Tuesday, March 4, 2014


When I think back to the May of 2011, when I got the phone call from LYSD for the initial interview then job offer, I remember being SCARED. All my life I'd lived in Oregon, within driving distance of my entire family. Sure, it was 6 hours home from La Grande, but only a few hours either direction on I84 to a sister. Then living in Medford, I was blessed with the best roommates ever, my auntie and uncle. So, imagine my fear when, after a SHORT pause, I agreed to sign a contract and move to a remote Alaskan village called Alakanuk (which I tried to write out phonetically so I'd remember how to say it...) After some overwhelming tears on the roomies' couch, a celebratory dinner, phone calls to the parents, grandparents and those I consider my role models and mentors, it began to sink in what I had just done.

I'll admit that there were many times that summer that I thought about calling and backing out of the contract, but continued encouragement and support helped me to make the move to Alakanuk. I have said MANY times over the past 3 years that it is the best move I've ever made. I've posted repeatedly how grateful I am to those who encouraged me to give it a shot, even if just for a year.

Over the past 3 years, I really feel like I've become part of the community. Each month I live here I meet someone new and make connections of who is related to who. I am happy to say I know the first and last names of every student K-8, and the vast majority of the high school. I know parents' and grandparents. I have built relationships with most of the kids as I talk to them about hunting, snow machining, and basketball or by being goofy.

This year has been a very difficult year for me professionally. I feel as if I have been constantly held back from my full potential, being told I am unable to attend/participate in a variety of activities and professional development opportunities. Each time I am told no I go through a conversation with myself trying to decide if I am just bitter and being a baby about being told no, or if it is more.

Up until Christmas break, when asked how long I was going to live around here, I was telling people that I planned to retire from LYSD, and more specifically Alakanuk. However, after some extremely frustrating and trying conversations and events, I was doubting my decision to stay here. I spent many hours crying and praying for an answer as to what I should do next year. I consulted my family and some respected friends/coworkers/peers. I have gathered opinions, listed (only in my head, too lazy to write them out) pros and cons, and thought long and hard about what to do.

Contracts were handed out mid-February. I lost mine on my desk for a while, but found it after getting home from ASTE. I have to say there were a few things that swayed me greatly.

The first, and perhaps most influential, is the reaction I saw when I got home from ASTE on Thursday. I was met by concerned faces of students and staff as they wondered if I'd been sick and why I'd been gone so long. The bear hugs, "I missed you!" and "I love you!"s warmed my heart and was a huge check in the "stay right where you are" column. Second, I have some phenomenal coworkers in Lower Yukon School District. Attending ASTE with a few of them and seeing how they are changing the lives of their students for the better every day, inspired me to be better for my kids here in AUK. It completely reenergized me and ignited a fire within me to make a bigger difference for my students here. Third, on Friday I was able to snow machine over to Scammon Bay to watch our boys play in the championship game for our region. A parent told me that the last time AUK was in the championships was in 1988 (good year, eh?) and it was in our home gym. (Some of you may remember that we were supposed to host the regional tournament this year, but our new school still isn't done and our principal as well as district staff postponed until next year when our site is more able to handle the extra bodies in the building.) As I watched our boys play their hearts out I felt so proud. I was proud of each individual player for his effort to fight through the poor calls, the fatigue, the frustration. I was proud of their teamwork. I was proud of the coach for rising above the poor calls, encouraging his players, and showing what it means to be a Brave. I was proud to be part of the positive crowd. I am pleased to say I did not notice a single AUK fan cheering against the Scammon players, everyone was simply cheering FOR our team. For the 2 1/2 hour ride home Friday night, I continued to pray. I thanked God for the positive people around me, for the community He has placed me in, for the experiences and friendships I've gained. I also thought about my family, both in lower 48 and here. I weighed moving into the interior or even south, as compared to staying here.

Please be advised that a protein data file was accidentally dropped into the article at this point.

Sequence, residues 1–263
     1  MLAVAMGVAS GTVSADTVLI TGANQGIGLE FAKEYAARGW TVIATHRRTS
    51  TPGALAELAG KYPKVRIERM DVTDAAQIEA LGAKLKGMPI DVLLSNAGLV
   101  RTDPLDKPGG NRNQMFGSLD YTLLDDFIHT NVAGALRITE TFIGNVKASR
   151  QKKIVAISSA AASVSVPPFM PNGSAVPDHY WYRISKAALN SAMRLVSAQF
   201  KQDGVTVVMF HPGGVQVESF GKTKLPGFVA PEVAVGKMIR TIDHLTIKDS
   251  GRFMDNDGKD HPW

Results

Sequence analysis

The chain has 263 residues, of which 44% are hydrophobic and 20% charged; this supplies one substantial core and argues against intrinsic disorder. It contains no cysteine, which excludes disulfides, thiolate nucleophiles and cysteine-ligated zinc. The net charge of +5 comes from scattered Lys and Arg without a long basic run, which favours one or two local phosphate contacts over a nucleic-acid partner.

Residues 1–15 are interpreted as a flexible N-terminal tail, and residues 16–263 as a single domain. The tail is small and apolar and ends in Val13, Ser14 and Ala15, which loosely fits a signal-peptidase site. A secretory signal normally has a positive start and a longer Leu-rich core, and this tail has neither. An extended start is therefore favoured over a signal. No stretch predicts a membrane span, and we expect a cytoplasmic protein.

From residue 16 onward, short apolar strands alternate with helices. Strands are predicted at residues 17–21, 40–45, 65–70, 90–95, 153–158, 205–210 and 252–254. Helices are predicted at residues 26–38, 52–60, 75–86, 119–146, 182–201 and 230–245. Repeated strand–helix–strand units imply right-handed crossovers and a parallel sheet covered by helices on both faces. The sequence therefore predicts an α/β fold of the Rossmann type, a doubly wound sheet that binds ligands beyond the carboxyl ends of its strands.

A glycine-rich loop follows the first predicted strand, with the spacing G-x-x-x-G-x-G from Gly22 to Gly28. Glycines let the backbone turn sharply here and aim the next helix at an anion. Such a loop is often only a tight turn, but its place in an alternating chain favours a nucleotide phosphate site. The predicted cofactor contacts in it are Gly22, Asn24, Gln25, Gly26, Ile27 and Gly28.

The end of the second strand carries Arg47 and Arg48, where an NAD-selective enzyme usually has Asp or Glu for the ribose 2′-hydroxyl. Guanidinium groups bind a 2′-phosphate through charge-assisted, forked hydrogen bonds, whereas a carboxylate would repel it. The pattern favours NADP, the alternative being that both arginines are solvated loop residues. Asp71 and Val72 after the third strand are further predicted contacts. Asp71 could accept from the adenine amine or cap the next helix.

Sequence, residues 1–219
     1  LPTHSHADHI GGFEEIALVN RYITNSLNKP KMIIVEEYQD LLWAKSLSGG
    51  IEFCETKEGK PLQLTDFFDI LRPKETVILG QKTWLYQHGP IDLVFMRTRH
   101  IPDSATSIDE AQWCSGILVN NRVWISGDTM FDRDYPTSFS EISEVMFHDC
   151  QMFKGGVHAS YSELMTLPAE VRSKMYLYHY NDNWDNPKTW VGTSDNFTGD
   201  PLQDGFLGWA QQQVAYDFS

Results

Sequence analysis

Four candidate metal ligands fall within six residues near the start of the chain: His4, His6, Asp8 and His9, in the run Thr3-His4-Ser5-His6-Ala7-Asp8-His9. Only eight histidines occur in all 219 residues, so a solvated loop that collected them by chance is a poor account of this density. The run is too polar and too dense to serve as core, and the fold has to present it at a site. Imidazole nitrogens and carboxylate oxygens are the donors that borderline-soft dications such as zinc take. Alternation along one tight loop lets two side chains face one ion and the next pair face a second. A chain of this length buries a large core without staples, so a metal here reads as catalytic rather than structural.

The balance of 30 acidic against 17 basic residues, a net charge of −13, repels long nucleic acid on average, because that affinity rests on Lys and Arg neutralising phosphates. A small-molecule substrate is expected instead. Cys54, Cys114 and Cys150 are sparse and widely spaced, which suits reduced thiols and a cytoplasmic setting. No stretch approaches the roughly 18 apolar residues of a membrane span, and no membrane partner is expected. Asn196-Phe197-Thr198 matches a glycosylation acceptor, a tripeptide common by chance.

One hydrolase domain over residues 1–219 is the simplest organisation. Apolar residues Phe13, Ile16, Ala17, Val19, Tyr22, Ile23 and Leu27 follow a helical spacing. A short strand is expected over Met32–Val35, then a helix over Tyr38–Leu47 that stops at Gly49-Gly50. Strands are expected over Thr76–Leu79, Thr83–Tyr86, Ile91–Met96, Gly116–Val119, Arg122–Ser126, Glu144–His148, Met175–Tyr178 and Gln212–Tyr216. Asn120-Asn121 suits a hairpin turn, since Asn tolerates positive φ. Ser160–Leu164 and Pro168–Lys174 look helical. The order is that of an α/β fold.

At the end of the weekend, after a few more conversations, I decided to sign my contract. I scanned and emailed it today, and placed the hard copy in site mail. As of now, I'm staying in AUK. However, I suppose I could have the option of a transfer if things get too bad here.

I truly am grateful to all of you who listened to me, sometimes through tears, as I considered my options. Thank you to those of you who have inspired me to be a better teacher, a better role model, a better person. Thank you for the encouragement, words of wisdom, and different perspectives to each situation.

 Here's to another year of learning, teaching, and being involved in the community. Here's to a year of positivity, keeping my head down to get things done, but keeping my chin up. A year of more adventures, more laughter, more fun. Here's to year 4 in Alakanuk!



  1. Good to hear! Glad to have you around. Praise the Lord for His answers in your life. Love you girl.